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WCR EDITORIAL

September 12, 2016

Prairie racism has again been brought into full view by the strident reactions of Saskatchewan settlers following the Aug. 9 murder of Colten Boushie, 22, a member of the Red Pheasant Cree Nation south of North Battleford.

Explicitly racist comments on social media reflect a situation where First Nations and settlers live side by side but do not truly know each other. Of course, that's not what they think; each "side" believes it knows the other all too well and that the other is up to no good.

Any effort to end racism must begin with the acknowledgement that racism is real and that people cannot be rationally convinced to end their racist attitudes.

A racist often sees governments that intervene by instituting education programs and human rights legislation as do-good meddlers detached from reality. Governments should legislate against discrimination and acts of racial hatred, but they have little power to end underlying racist attitudes.

It is appalling that racism exists; it is doubly appalling when it exists among Christians as it has throughout the centuries.

Jesus' ministry was in no small part aimed at breaking down racial and tribal divisions among people. He deliberately welcomed outsiders and those rejected by his society, including the Samaritans whom the Jews despised. He urged people to love their enemies, pray for those who persecute them and give to all who beg from them. It was a message of healing and unity, but also a message which confronted the image of a God who takes the side of one race or ethnic group and who hates the people we hate.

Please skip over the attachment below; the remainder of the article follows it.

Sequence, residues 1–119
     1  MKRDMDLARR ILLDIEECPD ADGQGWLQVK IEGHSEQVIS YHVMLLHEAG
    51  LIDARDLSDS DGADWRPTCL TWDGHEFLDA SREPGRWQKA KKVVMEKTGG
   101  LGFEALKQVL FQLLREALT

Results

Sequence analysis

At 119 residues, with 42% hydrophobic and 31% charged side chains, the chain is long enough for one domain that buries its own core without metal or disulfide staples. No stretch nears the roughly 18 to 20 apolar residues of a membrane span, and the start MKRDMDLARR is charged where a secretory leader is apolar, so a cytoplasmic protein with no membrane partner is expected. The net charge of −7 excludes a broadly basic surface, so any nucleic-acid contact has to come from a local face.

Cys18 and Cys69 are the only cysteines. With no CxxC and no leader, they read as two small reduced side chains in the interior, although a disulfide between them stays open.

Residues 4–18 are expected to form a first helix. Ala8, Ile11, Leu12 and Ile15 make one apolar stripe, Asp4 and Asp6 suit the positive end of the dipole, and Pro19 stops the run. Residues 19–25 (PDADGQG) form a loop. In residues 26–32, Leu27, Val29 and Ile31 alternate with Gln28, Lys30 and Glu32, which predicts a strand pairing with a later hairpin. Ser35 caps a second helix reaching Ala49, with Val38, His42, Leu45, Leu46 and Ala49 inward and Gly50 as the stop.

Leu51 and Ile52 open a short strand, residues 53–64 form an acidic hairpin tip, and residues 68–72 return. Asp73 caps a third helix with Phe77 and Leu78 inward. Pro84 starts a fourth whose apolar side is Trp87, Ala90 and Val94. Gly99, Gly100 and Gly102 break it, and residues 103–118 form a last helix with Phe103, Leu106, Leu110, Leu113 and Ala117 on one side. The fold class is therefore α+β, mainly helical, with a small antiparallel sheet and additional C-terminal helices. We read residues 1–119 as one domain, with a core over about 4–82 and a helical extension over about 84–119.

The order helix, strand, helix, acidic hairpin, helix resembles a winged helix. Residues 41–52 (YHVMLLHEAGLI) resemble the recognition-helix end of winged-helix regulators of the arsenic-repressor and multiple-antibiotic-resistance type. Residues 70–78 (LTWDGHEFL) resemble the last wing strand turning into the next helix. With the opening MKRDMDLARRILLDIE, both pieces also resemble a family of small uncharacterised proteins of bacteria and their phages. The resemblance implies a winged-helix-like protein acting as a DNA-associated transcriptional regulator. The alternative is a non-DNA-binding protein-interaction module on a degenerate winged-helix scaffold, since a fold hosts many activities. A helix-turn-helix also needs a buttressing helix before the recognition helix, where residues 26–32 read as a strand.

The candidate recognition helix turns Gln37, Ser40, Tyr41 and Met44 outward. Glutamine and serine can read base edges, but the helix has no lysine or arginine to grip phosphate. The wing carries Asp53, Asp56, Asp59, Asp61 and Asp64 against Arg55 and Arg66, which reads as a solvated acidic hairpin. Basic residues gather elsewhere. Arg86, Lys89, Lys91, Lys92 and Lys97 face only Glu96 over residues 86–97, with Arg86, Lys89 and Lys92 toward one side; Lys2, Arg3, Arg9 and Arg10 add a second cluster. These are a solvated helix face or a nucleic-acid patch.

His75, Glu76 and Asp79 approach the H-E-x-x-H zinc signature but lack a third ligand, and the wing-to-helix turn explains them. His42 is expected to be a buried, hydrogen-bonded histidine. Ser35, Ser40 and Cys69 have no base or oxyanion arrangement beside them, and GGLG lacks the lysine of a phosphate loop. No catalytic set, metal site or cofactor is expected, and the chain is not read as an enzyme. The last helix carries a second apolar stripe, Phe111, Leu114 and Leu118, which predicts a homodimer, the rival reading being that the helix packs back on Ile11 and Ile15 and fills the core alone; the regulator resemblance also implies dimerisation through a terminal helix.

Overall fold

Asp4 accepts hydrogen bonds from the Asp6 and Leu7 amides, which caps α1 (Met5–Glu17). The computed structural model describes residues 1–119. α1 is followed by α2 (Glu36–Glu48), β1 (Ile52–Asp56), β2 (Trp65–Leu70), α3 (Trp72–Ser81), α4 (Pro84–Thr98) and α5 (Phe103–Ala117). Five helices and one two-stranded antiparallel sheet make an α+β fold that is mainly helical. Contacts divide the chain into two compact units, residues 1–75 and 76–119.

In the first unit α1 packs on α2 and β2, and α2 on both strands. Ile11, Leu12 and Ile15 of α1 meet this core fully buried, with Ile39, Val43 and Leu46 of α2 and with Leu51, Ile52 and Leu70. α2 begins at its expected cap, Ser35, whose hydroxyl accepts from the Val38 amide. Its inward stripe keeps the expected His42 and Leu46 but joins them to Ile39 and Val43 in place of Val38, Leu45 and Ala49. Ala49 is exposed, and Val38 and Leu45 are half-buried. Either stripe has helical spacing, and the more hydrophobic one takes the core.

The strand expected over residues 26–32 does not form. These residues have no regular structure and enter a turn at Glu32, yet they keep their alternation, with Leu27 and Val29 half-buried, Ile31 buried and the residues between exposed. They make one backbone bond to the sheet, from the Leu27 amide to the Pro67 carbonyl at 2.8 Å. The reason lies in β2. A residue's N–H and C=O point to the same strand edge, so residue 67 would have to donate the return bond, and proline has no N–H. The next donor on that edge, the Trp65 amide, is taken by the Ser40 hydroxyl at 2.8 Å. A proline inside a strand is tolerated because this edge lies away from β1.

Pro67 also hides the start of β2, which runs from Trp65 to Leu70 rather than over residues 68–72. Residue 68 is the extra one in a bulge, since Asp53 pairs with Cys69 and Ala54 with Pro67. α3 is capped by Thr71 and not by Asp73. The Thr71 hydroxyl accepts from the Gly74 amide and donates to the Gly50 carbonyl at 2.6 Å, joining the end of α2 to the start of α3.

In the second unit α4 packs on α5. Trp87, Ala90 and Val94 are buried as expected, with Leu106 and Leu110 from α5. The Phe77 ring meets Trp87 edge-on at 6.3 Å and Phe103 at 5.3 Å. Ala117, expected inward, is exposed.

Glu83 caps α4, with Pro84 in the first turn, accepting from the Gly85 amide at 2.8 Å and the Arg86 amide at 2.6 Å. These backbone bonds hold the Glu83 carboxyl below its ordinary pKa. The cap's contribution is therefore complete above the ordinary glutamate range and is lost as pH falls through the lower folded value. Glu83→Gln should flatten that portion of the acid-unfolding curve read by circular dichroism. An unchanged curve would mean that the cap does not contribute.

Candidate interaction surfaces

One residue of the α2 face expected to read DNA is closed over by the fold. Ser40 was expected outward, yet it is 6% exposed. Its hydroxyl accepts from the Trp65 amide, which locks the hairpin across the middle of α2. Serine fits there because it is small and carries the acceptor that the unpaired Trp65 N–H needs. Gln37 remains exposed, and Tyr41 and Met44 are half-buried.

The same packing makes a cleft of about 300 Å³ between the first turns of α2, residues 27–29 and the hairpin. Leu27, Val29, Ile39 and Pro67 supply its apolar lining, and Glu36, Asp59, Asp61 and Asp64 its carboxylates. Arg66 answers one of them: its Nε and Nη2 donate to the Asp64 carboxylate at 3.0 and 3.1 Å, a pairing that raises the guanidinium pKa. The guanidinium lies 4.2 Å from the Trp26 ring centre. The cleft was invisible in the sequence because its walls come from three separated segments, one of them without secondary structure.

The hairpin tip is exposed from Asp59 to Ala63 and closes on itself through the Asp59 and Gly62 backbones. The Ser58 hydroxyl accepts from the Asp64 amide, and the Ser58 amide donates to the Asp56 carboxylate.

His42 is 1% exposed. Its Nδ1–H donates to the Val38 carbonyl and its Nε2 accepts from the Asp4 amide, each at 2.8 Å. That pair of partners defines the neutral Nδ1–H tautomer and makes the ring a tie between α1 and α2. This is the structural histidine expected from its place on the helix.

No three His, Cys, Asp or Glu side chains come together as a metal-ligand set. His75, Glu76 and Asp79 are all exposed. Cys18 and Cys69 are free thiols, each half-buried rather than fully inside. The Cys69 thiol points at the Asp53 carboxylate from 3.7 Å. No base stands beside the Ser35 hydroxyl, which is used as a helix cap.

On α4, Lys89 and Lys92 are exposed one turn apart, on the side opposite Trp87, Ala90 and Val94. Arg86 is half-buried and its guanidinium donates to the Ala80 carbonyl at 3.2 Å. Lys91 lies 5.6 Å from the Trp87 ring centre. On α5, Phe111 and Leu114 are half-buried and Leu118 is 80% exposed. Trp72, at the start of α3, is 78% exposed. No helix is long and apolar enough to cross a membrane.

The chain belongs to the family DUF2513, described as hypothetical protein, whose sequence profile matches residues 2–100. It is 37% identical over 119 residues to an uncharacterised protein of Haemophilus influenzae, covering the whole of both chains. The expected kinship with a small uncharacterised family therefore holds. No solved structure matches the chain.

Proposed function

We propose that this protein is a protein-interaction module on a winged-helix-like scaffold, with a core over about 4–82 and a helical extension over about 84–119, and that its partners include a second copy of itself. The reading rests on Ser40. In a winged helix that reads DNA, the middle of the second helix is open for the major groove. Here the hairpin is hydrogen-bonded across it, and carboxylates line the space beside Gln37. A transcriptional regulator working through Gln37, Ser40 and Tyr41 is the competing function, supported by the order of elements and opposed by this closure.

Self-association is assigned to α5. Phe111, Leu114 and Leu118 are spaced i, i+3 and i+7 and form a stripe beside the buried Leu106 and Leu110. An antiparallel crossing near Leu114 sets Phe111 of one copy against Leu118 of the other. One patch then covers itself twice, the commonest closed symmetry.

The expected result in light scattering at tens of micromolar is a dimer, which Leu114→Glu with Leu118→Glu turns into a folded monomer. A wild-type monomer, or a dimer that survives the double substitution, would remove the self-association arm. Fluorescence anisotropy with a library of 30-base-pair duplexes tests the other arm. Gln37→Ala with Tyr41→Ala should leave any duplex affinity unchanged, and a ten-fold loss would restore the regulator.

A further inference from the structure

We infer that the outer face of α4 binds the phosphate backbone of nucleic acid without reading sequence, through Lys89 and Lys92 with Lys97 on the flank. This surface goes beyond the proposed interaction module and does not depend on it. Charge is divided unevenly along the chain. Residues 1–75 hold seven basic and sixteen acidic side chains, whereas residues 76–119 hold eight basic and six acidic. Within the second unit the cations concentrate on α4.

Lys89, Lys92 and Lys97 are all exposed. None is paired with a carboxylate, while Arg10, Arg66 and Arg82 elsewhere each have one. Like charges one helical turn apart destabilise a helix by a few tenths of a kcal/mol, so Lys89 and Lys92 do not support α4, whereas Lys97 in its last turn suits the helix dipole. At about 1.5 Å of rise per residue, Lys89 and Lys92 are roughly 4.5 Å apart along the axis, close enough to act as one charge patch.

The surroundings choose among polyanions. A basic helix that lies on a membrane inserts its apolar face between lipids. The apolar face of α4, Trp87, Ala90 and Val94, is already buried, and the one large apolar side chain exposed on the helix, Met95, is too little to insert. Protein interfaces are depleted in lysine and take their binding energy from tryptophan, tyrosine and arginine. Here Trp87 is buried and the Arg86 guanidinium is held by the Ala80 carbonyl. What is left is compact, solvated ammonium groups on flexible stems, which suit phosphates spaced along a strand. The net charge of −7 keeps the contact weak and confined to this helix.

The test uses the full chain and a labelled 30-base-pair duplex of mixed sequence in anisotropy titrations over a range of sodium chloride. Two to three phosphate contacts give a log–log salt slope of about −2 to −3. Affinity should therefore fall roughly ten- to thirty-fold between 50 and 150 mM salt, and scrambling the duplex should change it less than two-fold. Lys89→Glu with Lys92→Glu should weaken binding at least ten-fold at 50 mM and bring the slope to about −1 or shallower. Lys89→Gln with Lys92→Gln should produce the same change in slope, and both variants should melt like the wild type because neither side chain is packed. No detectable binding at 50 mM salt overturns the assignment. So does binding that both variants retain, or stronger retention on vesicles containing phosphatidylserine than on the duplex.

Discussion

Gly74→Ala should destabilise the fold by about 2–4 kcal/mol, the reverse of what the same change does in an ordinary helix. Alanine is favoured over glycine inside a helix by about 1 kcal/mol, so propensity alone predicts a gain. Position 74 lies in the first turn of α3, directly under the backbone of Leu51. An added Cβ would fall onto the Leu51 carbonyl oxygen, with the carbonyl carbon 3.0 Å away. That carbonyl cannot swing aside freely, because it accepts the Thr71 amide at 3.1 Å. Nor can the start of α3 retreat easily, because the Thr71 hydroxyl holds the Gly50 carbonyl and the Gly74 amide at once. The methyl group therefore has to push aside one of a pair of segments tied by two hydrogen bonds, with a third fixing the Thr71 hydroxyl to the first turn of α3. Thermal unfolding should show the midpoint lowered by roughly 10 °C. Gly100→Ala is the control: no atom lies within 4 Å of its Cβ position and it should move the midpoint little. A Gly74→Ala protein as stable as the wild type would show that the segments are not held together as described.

Jesus directly challenged racist idolatries, and he was crucified for his effort. St. Paul underwent history's most famous conversion by encountering Jesus and realizing that unity is built among diverse peoples through Baptism into the one Lord.

Christianity has a spotty record over the centuries. On one hand, it has spawned an ethic of mercy and of breaking down walls that divide, with Christians frequently living out that ethos in heroic ways. On the other hand, Christians have been leaders in vile persecutions, including the Crusades, the early modern wars of religion, South African apartheid, and the dispossession and marginalization of Canada's First Nations peoples.

We ought to learn from our past and promote dialogue amidst division and offer catechesis that underlines our Lord's determined efforts to bring healing and peace. We cannot sit idly by.

Racism calls the Church to bring God's love into the midst of hatred and to spur dialogue among divided peoples. Peacemaking ought to be a primary ministry of the Church, and right now that ministry is needed to start the inter-racial dialogues that will help to bring unity among the peoples of the Prairies.